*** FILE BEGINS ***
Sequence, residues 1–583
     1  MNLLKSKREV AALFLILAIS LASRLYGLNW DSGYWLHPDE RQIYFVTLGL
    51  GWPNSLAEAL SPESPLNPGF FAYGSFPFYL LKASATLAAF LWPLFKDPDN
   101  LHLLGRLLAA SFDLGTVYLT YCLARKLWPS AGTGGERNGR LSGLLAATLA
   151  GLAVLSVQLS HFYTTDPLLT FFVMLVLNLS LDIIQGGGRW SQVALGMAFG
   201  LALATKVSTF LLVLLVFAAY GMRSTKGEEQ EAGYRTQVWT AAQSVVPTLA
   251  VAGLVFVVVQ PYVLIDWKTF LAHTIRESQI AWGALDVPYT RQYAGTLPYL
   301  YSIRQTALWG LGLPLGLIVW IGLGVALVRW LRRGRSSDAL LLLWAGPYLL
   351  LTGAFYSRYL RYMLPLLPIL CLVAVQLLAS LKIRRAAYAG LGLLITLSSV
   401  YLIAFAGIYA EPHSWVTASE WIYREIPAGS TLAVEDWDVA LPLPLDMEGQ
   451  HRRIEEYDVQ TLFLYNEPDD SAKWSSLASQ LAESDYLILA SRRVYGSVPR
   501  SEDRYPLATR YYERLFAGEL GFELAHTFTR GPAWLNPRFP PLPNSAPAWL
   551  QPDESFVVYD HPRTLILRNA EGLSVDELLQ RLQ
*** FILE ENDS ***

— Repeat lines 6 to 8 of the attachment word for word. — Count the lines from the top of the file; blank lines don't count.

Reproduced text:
   201  LALATKVSTF LLVLLVFAAY GMRSTKGEEQ EAGYRTQVWT AAQSVVPTLA
   251  VAGLVFVVVQ PYVLIDWKTF LAHTIRESQI AWGALDVPYT RQYAGTLPYL
   301  YSIRQTALWG LGLPLGLIVW IGLGVALVRW LRRGRSSDAL LLLWAGPYLL